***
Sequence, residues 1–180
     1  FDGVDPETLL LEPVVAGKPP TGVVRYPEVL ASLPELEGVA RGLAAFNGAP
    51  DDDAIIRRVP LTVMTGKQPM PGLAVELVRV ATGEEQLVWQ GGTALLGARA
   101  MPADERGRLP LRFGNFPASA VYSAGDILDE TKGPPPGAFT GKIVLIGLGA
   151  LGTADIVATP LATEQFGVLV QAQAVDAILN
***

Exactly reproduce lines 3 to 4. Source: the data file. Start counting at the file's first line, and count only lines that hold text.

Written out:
    51  DDDAIIRRVP LTVMTGKQPM PGLAVELVRV ATGEEQLVWQ GGTALLGARA
   101  MPADERGRLP LRFGNFPASA VYSAGDILDE TKGPPPGAFT GKIVLIGLGA